Microsoft Azure vs OVH: What are the differences?
Developers describe Microsoft Azure as "Integrated cloud services and infrastructure to support computing, database, analytics, mobile, and web scenarios". Azure is an open and flexible cloud platform that enables you to quickly build, deploy and manage applications across a global network of Microsoft-managed datacenters. You can build applications using any language, tool or framework. And you can integrate your public cloud applications with your existing IT environment. On the other hand, OVH is detailed as "Dedicated infrastructure for your business". Hundreds of new servers are installed in our 12 datacenters everyday. For our clients, this guarantees bare-metal resources accessible in less than an hour, and the liberty to use it to rollout the software of their choice. The many functions available on our dedicated servers allow our clients to manage their infrastructure autonomously.
Microsoft Azure belongs to "Cloud Hosting" category of the tech stack, while OVH can be primarily classified under "Dedicated Cloud Hosting".
Some of the features offered by Microsoft Azure are:
- Use your OS, language, database, tool
- Global datacenter footprint
- Enterprise Grade with up to a 99.95% monthly SLA
On the other hand, OVH provides the following key features:
- Delivery of servers in less than an hour 24/7/365
- Full user control
- Guaranteed bandwidth
"Scales well and quite easy" is the top reason why over 108 developers like Microsoft Azure, while over 51 developers mention "Cost effective" as the leading cause for choosing OVH.
According to the StackShare community, Microsoft Azure has a broader approval, being mentioned in 489 company stacks & 463 developers stacks; compared to OVH, which is listed in 66 company stacks and 24 developer stacks.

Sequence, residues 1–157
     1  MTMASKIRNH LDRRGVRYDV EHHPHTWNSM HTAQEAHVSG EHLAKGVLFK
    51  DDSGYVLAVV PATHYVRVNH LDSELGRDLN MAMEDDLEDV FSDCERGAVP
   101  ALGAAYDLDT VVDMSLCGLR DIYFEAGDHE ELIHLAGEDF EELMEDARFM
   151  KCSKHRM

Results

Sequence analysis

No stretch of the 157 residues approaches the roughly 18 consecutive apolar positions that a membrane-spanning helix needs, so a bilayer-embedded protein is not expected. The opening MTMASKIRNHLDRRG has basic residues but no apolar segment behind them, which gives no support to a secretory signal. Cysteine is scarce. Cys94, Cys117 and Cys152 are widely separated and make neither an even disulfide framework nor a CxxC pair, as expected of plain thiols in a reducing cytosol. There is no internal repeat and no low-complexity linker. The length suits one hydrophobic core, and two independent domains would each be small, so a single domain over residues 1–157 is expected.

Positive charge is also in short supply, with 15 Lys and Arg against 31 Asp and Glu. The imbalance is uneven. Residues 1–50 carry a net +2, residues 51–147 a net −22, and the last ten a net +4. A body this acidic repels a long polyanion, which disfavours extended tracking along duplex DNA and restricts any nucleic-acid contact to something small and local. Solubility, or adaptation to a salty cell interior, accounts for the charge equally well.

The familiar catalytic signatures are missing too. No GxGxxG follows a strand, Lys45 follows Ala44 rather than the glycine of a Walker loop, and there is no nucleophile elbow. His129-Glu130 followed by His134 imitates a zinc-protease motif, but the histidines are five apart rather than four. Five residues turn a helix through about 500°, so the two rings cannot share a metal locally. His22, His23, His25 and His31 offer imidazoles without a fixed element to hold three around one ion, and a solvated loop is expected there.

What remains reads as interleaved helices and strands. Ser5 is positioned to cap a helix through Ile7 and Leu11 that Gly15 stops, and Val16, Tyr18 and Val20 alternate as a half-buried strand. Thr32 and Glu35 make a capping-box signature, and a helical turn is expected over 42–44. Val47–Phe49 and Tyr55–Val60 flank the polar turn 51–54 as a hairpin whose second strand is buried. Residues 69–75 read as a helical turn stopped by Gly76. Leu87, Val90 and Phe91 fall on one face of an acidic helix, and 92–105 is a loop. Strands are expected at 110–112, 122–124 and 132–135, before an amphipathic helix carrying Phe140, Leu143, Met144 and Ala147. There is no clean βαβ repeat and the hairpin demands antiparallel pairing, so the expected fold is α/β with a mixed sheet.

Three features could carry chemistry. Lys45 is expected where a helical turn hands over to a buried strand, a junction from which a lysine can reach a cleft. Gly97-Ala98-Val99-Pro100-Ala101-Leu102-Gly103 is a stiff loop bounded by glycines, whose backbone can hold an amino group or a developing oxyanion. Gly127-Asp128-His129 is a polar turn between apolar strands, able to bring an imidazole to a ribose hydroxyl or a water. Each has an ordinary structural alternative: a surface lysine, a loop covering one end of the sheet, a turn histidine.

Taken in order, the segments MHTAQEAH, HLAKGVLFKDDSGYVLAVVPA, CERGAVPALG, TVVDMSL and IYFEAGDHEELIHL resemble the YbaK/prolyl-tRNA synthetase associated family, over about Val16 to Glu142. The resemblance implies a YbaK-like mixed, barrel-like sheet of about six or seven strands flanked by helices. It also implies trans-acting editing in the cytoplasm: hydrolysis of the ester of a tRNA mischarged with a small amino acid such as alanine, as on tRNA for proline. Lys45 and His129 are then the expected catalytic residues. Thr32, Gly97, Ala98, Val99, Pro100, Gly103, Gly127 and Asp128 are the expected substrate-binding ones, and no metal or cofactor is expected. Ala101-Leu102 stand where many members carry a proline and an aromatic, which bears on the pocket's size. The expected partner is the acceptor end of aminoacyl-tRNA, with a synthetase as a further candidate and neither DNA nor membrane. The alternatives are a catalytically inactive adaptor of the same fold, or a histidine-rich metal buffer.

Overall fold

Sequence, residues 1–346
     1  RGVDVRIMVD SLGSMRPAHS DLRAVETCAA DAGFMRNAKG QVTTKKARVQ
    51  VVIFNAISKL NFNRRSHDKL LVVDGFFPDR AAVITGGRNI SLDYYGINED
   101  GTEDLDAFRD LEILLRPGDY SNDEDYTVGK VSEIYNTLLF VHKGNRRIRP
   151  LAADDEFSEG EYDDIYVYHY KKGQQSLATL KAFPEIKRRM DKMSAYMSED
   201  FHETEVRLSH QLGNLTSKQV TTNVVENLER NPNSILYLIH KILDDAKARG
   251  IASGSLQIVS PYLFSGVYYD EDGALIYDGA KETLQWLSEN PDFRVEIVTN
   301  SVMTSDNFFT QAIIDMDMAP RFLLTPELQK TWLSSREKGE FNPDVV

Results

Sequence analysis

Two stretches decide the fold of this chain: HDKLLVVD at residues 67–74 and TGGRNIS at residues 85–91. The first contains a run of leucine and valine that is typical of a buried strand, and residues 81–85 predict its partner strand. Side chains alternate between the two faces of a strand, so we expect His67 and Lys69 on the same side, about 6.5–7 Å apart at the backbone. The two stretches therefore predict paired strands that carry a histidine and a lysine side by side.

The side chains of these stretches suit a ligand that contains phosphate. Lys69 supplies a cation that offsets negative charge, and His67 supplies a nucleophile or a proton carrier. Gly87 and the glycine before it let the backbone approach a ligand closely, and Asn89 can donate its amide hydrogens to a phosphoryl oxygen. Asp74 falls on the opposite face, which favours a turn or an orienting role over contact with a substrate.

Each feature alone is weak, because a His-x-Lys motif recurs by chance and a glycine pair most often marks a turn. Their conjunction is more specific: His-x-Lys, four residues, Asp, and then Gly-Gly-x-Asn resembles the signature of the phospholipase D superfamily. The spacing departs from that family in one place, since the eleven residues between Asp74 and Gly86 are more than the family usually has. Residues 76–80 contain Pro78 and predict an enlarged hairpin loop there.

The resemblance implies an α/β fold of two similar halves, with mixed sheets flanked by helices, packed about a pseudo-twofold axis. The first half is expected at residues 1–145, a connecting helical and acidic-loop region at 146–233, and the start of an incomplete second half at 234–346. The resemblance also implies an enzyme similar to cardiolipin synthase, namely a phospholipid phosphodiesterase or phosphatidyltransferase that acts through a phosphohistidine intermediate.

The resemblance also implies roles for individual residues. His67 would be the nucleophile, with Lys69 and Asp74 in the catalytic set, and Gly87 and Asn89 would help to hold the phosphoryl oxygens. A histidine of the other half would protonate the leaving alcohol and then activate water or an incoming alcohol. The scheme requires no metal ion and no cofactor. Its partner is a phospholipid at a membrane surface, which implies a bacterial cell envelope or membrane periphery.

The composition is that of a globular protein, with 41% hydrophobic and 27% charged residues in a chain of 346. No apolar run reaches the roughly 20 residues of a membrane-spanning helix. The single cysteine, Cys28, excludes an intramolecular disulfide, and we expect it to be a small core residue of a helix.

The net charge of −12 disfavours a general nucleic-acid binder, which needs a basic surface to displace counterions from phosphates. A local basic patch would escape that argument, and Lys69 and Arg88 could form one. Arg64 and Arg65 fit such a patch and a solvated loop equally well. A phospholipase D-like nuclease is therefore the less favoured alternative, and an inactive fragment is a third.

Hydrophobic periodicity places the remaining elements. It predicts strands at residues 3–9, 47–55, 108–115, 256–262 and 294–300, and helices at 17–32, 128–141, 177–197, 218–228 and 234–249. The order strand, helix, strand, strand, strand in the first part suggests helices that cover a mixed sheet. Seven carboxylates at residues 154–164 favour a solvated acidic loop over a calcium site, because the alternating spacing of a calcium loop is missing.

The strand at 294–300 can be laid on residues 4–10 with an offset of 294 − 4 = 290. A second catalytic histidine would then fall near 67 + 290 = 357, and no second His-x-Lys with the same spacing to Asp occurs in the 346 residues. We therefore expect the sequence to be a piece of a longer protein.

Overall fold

What is Microsoft Azure?
What is OVH?
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CodeFactor being a #SAAS product, our goal was to run on a cloud-native infrastructure since day one. We wanted to stay product focused, rather than having to work on the infrastructure that supports the application. We needed a cloud-hosting provider that would be reliable, economical and most efficient for our product.
CodeFactor.io aims to provide an automated and frictionless code review service for software developers. That requires agility, instant provisioning, autoscaling, security, availability and compliance management features. We looked at the top three #IAAS providers that take up the majority of market share: Amazon's Amazon EC2 , Microsoft's Microsoft Azure, and Google Compute Engine.
AWS has been available since 2006 and has developed the most extensive services ant tools variety at a massive scale. Azure and GCP are about half the AWS age, but also satisfied our technical requirements.
It is worth noting that even though all three providers support Docker containerization services, GCP has the most robust offering due to their investments in Kubernetes. Also, if you are a Microsoft shop, and develop in .NET - Visual Studio Azure shines at integration there and all your existing .NET code works seamlessly on Azure. All three providers have serverless computing offerings (AWS Lambda, Azure Functions, and Google Cloud Functions). Additionally, all three providers have machine learning tools, but GCP appears to be the most developer-friendly, intuitive and complete when it comes to #Machinelearning and #AI.
The prices between providers are competitive across the board. For our requirements, AWS would have been the most expensive, GCP the least expensive and Azure was in the middle. Plus, if you #Autoscale frequently with large deltas, note that Azure and GCP have per minute billing, where AWS bills you per hour. We also applied for the #Startup programs with all three providers, and this is where Azure shined. While AWS and GCP for startups would have covered us for about one year of infrastructure costs, Azure Sponsorship would cover about two years of CodeFactor's hosting costs. Moreover, Azure Team was terrific - I felt that they wanted to work with us where for AWS and GCP we were just another startup.
In summary, we were leaning towards GCP. GCP's advantages in containerization, automation toolset, #Devops mindset, and pricing were the driving factors there. Nevertheless, we could not say no to Azure's financial incentives and a strong sense of partnership and support throughout the process.
Bottom line is, IAAS offerings with AWS, Azure, and GCP are evolving fast. At CodeFactor, we aim to be platform agnostic where it is practical and retain the flexibility to cherry-pick the best products across providers.